Nigel Stanley of the TUC welcomes Reform’s new report on “The Front Line”
Right-wing think-tank Reform has produced a new report, “The Front Line”, calling for a million fewer public sector workers – a 15 per cent reduction in the public sector headcount. They say this will reduce public spending by £27 billion a year.
Progressives should be grateful. It used to be said that the job of think-tanks was to think the unthinkable. But their more useful function is to say the unsaid. This is what Reform has done with this report.
Politicians across the piece like to tell us that big public spending cuts are inevitable if we wish to reduce the deficit. But, they say, they will protect front-line services.
Reducing waste, greater efficiency, cutting top pay and pensions, and reducing the number of bureaucrats can all achieve the savings needed. And best of all hardly anyone will notice as front-line services – and even whole sectors such as health – will be immune.
Reform explodes this myth. This is a proper rigorous analysis from the small-state right. It is valuable because it shows what is likely to happen if a future government was to close the deficit by slashing public spending.
It accepts that this government has increased spending on the front-line, and that the only way to shrink the state is to reduce public services big time.
As they say:
“Contrary to popular perception, the great majority of the public sector workforce are (sic) front line workers. Of the 1.4 million people working in the NHS, for example, only just over 200,000 provide administrative support.
“Since 1999, the central civil service has grown by 5 per cent compared to a 30 per cent rise in the NHS headcount.”
“The cost of middle class welfare amounts to around £31 billion per year. The most generous benefits to the entitled classes include the Child Benefit, Child and Working Tax Credits, Retirement Pension and Winter Fuel Allowance and Statutory Maternity Pay.
“Faced with the alternative of even more significant tax rises, middle class welfare must be cut back to help restore the public finances and put welfare on a more sustainable footing.”
And they deserve bonus points for not using middle class as a euphemism for the not-quite-super- rich. They really do mean middle income earners on just over £21,000 a year.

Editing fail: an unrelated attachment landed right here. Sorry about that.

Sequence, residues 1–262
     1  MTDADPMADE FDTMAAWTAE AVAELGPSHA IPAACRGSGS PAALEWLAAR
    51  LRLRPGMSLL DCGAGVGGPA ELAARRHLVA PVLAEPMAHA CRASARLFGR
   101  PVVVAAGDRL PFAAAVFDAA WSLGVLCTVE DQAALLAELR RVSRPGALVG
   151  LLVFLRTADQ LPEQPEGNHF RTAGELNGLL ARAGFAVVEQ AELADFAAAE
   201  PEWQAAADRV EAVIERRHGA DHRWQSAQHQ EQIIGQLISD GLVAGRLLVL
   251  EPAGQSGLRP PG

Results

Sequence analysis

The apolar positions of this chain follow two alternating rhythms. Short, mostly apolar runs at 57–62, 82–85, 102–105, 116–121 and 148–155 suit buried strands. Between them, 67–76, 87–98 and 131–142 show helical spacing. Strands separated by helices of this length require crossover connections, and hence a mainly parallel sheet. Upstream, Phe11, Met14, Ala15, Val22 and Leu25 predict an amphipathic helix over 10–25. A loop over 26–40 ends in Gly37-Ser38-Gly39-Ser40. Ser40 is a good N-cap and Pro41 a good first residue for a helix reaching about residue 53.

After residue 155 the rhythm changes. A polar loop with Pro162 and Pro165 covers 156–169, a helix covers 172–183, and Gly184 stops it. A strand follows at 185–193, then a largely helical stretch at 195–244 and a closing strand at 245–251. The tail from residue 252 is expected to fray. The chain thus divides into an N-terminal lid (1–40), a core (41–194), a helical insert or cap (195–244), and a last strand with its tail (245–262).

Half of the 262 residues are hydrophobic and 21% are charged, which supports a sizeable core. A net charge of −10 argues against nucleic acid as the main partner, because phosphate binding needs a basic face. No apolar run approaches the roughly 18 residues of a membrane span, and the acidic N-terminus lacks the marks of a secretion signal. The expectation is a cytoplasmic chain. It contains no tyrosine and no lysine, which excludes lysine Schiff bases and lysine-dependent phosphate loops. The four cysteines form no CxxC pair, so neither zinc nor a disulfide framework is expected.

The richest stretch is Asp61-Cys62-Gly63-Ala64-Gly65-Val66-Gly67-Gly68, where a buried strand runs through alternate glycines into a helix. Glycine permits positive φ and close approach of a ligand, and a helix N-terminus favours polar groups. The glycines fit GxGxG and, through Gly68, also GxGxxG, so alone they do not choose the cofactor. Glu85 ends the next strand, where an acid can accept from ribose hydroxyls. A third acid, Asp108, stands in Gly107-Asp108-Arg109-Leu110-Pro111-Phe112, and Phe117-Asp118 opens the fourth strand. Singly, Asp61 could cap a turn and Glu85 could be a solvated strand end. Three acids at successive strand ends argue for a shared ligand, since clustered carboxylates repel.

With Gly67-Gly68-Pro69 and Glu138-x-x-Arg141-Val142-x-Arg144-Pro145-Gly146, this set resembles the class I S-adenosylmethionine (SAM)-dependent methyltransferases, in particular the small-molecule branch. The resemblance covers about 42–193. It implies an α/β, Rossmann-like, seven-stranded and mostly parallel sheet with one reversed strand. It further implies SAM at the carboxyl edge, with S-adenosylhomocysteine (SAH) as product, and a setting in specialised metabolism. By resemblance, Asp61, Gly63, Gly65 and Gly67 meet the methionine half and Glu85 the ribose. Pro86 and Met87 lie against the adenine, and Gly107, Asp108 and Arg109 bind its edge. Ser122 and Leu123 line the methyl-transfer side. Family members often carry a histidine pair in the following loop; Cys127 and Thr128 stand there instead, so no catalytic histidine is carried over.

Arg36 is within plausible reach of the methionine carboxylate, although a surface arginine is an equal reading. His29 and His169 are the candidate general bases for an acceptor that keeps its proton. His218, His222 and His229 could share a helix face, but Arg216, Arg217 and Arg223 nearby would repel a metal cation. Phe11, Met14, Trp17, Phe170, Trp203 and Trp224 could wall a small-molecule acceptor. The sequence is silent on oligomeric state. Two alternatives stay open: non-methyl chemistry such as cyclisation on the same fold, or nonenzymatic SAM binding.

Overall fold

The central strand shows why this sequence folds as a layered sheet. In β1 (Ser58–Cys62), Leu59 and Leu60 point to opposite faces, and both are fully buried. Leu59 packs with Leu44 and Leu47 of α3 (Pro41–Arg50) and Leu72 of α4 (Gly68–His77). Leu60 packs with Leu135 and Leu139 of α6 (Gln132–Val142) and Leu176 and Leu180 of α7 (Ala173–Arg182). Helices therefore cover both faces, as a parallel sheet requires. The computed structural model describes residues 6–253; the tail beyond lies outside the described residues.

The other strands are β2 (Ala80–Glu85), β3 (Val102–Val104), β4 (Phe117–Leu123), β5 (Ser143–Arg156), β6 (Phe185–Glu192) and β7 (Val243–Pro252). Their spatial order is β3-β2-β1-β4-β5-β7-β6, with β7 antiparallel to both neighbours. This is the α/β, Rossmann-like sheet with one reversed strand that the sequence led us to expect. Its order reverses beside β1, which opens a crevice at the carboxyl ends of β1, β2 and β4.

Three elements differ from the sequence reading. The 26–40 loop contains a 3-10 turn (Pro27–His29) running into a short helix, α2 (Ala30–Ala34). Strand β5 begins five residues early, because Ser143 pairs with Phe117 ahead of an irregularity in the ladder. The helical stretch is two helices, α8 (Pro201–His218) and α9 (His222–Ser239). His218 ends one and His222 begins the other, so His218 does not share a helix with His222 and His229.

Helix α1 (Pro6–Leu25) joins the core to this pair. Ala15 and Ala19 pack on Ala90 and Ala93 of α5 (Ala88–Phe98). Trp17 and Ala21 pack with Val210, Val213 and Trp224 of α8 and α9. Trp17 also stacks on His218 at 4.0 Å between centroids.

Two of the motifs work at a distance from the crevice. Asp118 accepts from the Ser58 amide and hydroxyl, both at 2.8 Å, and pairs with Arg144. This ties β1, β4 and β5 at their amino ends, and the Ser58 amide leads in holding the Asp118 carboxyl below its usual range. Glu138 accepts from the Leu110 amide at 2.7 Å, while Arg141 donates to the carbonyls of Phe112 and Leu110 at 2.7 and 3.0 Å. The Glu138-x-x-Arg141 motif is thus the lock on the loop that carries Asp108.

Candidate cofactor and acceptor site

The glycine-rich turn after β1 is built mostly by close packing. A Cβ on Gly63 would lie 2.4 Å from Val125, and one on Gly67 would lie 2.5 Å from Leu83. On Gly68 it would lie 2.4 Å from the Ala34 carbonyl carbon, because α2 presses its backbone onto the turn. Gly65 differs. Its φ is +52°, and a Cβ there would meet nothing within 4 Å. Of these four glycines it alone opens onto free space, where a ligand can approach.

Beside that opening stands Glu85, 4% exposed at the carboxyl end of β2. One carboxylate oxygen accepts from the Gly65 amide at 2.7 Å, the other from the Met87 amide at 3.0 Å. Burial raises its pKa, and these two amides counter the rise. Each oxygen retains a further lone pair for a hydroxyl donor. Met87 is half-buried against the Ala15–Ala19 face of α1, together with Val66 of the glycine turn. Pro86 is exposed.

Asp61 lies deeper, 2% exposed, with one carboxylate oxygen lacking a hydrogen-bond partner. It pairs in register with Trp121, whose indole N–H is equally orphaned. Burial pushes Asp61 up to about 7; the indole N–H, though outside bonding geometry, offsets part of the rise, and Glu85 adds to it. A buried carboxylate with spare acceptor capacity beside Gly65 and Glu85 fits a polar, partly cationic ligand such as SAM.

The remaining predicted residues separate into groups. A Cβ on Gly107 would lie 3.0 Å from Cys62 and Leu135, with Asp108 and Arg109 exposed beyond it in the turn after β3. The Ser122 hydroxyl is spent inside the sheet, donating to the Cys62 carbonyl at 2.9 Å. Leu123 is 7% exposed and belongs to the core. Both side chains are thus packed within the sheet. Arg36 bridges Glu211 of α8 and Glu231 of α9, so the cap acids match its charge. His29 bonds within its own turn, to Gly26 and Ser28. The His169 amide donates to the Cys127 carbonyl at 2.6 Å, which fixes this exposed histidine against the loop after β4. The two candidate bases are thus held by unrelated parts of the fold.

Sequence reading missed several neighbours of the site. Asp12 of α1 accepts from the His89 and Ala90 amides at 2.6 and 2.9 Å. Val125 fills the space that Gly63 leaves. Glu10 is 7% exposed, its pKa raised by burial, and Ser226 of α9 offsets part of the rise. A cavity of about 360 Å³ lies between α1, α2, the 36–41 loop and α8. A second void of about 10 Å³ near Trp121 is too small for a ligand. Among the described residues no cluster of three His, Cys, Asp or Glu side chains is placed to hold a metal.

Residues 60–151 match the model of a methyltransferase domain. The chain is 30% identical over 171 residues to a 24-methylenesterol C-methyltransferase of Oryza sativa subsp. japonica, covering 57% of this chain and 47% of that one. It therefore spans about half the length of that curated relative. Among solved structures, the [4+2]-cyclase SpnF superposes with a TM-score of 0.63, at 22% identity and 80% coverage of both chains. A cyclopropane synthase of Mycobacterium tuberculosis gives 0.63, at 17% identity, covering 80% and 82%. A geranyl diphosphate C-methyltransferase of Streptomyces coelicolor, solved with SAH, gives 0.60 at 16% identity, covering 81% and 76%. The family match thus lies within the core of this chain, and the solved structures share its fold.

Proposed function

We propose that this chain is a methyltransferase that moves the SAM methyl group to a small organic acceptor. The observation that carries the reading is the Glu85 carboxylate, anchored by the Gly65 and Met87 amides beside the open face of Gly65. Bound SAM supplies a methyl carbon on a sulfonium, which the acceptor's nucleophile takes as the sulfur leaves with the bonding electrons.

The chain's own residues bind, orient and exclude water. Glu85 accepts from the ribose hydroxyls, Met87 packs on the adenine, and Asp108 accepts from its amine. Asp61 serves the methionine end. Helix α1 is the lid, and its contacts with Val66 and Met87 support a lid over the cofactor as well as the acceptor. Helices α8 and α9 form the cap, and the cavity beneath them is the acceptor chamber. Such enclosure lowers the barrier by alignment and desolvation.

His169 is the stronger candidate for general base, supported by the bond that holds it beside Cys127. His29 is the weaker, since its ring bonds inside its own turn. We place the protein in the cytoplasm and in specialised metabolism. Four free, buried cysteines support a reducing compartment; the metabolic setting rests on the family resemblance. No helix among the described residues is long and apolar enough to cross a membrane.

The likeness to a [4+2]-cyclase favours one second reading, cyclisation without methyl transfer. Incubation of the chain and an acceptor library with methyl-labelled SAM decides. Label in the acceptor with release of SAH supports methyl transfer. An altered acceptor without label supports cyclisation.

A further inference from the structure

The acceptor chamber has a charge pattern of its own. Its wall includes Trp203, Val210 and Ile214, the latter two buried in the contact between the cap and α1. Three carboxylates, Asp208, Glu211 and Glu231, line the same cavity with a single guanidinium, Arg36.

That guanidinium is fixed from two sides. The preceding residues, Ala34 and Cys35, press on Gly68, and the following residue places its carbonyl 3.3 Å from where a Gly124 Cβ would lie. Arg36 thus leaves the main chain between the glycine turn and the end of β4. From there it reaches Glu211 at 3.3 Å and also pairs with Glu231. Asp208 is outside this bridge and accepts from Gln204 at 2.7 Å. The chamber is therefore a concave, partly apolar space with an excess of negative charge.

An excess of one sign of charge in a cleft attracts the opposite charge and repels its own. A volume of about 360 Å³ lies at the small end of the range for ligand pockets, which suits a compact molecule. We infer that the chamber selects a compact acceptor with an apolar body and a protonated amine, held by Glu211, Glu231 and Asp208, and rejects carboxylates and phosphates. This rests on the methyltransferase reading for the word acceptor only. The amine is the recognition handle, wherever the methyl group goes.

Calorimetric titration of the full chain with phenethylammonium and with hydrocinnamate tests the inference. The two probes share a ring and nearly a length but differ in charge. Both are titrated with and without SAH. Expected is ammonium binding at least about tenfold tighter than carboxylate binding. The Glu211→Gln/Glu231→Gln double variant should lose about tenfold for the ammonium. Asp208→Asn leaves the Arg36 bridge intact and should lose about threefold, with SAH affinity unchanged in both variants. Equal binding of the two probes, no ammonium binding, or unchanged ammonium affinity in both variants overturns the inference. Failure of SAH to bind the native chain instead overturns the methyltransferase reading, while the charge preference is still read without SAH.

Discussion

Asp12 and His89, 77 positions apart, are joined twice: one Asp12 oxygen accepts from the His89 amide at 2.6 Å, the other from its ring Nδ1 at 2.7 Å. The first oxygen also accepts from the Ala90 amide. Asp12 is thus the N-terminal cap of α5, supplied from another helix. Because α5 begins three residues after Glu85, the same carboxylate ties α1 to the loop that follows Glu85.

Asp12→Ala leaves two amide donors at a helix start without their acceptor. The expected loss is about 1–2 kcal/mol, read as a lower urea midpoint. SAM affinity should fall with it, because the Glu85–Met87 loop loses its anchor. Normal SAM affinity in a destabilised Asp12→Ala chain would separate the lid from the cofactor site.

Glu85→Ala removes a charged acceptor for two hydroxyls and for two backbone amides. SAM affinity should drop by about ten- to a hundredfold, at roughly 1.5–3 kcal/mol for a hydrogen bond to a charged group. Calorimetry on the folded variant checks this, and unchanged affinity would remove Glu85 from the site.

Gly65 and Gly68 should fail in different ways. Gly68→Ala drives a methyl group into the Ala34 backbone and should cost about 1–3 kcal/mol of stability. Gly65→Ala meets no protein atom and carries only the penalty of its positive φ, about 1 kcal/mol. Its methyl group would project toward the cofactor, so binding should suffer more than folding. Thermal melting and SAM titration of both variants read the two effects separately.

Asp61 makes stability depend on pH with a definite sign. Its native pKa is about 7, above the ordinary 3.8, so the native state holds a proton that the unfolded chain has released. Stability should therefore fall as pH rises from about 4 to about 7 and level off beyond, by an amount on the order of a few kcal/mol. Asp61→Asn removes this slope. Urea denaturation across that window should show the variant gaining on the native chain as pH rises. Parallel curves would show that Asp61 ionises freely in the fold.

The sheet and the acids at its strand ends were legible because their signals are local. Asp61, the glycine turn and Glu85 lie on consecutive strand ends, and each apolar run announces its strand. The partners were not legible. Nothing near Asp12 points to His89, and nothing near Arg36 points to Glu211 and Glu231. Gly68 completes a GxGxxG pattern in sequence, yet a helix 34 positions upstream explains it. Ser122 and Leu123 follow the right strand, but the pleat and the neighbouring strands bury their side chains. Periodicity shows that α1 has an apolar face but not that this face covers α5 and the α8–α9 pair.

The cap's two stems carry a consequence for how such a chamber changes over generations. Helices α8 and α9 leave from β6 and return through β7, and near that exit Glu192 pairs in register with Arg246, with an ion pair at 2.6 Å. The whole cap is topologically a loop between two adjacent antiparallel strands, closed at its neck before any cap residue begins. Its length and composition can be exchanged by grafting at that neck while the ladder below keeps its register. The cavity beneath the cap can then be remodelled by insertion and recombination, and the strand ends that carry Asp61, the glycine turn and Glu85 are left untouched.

The danger now is that this report does not get the circulation it deserves. None of the parties want to spell out what impact their cuts will have on public services or how many fewer public servants there should be. Whatever you think of the salary packages of top civil servants or council chief executives, even halving all their pay makes little impact on public expenditure as a whole.
It is particularly hard for the Conservatives. After all David Cameron personally intervened to save the candidacy of Reform’s deputy director from Norfolk’s so-called turnip Taliban. If they do not share Reform’s analysis then they need to say so.
But Labour is just as guilty of talking up the false dichotomy between front-line workers and back-room bureaucrats. Indeed they have at times promoted the use of back room support to free up the time of those on the front-line, so that, for example, police officers don’t handle paper-work that others could do. Sack the (cheaper) support staff, and the police officers are back at their desks.
And of course if you can’t close the deficit through painless invisible cuts and economic growth alone, then the only route left is tax. Labour has developed some confidence in this area, and we will see whether it goes any further in tomorrow’s PBR.
But it is extremely difficult for the Conservatives who are stuck with their pledge to reduce inheritance tax and many of whose activists have cutting tax hard-wired into their psyches.
Those of us who believe in decent benefits, good pensions and properly funded public services paid for by a fair tax system should welcome this report for clearly setting out the real choices. We should join hands with the small state right to make sure that its analysis is not brushed aside by those who do not want clarity in the big debate facing the nation.
Our guest writer is Nigel Stanley, Head of Campaigns and Communications at the TUC
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